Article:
After a great time in the Pantanal, we took a bus to Corumba for a couple of days so that we could regroup and get ready for Bolivia and organise our transport to Santa Cruz . Also, immigration was closed for 2 days which made crossing into Bolivia impossible. While we were in the Pantanal lots of people who had been going in the other direction had told us about the Death Train between the Bolivian Border and Santa Cruz.
The Jungle Inca Trail is an alternative to the original commercial Inca trail, taking you on a different route, and including the option to do a number of other activities along the way. This was without doubt going to be one of the highlights of our trip, so we were very excited. Read on to learn more about the Jungle Inca Trail, and how it went!
The third day had a different feel to it, slightly more relaxing but we were also leaving the Pantanal which would be a relief from mosquitoes, but would also mean we had to leave this great place.
We apologise for another very delayed post but here is the second installment of our time in the Pantanal, which unlike the first day had very few mosquitoes… NOT. This time we had a jungle trek and piranha fishing to look forward to!
Yes I know, it is slightly (very) belated but I have finally gotten around to writing about our time in the Pantanal. There is so much to write about, I have decided to split into three posts, one for each of the days we were there. Read on to find out a bit more about Ecological Expeditions Pantanal Tours, the company we booked with, as well as the Jeep Safari, Boat Ride, and Night Safari.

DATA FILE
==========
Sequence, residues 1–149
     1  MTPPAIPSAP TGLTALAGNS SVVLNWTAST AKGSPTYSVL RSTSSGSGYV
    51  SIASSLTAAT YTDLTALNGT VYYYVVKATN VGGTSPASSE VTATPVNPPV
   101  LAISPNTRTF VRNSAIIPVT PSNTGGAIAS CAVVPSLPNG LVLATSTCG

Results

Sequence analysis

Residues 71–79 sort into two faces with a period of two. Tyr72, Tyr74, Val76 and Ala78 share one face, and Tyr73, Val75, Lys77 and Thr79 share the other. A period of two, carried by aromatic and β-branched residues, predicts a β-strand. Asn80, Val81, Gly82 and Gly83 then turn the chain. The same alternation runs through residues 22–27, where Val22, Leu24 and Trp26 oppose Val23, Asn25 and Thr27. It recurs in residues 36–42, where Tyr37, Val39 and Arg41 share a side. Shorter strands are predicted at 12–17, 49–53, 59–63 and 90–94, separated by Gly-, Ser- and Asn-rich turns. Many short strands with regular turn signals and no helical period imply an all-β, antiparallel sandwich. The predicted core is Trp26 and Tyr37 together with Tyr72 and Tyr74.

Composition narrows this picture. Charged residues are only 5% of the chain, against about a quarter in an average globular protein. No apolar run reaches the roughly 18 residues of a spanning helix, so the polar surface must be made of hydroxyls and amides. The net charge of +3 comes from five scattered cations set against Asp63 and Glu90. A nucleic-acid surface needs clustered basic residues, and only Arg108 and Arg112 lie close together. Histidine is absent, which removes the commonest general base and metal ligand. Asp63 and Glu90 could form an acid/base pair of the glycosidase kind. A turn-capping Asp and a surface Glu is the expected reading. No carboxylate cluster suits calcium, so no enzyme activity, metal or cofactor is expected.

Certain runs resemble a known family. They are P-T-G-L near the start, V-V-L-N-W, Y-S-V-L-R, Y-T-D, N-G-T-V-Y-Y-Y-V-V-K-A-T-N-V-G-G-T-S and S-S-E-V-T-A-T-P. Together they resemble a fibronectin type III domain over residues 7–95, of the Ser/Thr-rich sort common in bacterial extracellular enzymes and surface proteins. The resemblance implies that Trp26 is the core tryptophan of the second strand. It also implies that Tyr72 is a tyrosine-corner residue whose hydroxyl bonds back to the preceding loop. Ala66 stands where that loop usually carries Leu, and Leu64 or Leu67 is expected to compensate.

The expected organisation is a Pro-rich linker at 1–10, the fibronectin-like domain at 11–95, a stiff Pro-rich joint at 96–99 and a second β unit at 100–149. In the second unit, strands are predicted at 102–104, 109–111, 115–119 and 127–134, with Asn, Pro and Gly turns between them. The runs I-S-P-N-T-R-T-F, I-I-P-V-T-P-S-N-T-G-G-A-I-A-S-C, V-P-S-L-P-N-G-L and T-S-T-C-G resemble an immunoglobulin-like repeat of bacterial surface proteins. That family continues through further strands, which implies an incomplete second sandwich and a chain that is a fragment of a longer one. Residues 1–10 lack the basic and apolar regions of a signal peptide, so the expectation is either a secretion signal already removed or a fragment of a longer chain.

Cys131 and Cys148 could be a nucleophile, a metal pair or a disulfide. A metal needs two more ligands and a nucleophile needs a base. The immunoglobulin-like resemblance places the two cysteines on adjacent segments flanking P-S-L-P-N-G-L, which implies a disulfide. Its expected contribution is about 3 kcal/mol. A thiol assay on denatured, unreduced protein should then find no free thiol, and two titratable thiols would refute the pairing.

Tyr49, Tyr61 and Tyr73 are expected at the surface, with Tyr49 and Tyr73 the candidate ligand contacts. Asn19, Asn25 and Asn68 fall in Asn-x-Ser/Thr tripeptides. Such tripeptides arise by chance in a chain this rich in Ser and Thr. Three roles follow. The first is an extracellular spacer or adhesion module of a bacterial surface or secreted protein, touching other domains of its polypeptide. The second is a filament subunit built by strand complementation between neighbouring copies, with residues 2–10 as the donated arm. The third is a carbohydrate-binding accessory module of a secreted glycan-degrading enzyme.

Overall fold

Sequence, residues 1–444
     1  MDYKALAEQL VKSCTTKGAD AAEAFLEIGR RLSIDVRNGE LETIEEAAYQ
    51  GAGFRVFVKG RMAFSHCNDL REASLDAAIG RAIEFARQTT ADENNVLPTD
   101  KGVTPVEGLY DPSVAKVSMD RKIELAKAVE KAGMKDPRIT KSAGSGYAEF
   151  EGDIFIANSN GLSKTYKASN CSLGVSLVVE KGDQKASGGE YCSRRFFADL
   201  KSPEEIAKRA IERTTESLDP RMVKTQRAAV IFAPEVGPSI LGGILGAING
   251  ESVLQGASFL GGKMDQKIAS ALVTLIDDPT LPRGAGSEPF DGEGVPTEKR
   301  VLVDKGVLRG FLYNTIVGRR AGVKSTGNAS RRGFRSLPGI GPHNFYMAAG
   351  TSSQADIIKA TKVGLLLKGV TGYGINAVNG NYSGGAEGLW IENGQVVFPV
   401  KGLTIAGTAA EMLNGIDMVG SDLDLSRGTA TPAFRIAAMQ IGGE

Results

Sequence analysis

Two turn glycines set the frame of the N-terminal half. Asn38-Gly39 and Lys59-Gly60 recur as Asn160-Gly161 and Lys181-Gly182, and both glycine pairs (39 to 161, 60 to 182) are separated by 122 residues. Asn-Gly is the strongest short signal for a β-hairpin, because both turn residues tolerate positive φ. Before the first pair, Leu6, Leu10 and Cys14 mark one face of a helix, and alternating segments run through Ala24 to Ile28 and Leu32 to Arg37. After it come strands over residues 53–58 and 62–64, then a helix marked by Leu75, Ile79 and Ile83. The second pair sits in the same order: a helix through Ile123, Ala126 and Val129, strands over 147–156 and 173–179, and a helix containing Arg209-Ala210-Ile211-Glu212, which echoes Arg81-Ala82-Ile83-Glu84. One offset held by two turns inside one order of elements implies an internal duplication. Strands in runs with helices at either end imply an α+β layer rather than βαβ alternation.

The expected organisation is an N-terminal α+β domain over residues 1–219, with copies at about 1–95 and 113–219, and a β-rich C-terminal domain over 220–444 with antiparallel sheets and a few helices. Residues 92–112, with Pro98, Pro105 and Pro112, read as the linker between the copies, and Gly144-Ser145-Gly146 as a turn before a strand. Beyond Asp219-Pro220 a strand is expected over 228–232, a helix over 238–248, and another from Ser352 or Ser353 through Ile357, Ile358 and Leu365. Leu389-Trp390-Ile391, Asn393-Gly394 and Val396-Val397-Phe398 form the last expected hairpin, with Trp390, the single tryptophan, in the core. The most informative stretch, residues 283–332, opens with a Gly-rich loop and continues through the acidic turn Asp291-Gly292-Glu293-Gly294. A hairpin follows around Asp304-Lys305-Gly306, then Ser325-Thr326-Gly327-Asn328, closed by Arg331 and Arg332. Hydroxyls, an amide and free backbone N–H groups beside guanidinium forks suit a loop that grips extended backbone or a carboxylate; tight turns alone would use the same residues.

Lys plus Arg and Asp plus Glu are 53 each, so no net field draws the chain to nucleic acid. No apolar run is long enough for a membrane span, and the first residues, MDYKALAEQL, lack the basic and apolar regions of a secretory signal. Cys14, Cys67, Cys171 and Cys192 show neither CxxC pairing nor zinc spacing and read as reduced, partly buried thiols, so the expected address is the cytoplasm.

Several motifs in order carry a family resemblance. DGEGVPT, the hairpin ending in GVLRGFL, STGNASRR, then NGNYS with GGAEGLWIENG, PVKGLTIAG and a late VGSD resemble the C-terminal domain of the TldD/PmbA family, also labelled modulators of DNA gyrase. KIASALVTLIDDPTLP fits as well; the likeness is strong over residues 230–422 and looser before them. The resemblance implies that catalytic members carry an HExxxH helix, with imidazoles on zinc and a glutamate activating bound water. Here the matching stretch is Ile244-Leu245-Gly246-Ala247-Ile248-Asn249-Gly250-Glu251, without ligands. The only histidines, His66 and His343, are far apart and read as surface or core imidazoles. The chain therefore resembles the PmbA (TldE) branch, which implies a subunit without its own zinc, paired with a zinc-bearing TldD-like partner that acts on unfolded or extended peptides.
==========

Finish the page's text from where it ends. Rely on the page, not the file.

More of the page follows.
Ok, so I should be writing about the Pantanal right now, but we arrived in Sucre today after our first Bolivian bus journey and it is worth talking about! We had heard the stories but it was hard to tell what was exaggerated and what wasn’t. After last night’s experiences, I think it is safe to say most of them are probably true!
The Pantanal, an area of vast wetlands, the biggest in the world, covering an estimated 54,000 square miles, and stretching from Brazil into parts of Bolivia and Paraguay. In another words, a really really massive swamp! Crammed with thousands of species of animals, a massive variety of plants and many an adventure, the Pantanal was somewhere we wanted to visit, and visit we did!
After a 15 hour bus journey from Sao Paulo, we were hoping Foz Do Iguacu would live up to our expectations. In case you don’t already know, the Iguacu falls is a series of over 275 gigantic waterfalls that lie on the borders of Brazil and Argentina covering an area over 3km wide making the Iguacu falls wider than Niagara!
We had always planned to visit Sao Paulo while we were in Brazil, but we weren’t looking forward to it that much because we had heard a lot of negative things about it. Its really dangerous, there is nothing to do, it always rain etc etc. Well I can tell you now that from our experiences none of that is true!
After a rather unsuccessful, but never the less enjoyable first day we where determined to do better. Our determination paid off and we managed to avoid getting lost and saw some of Rio De Janeiro’s most famous sites. Yes!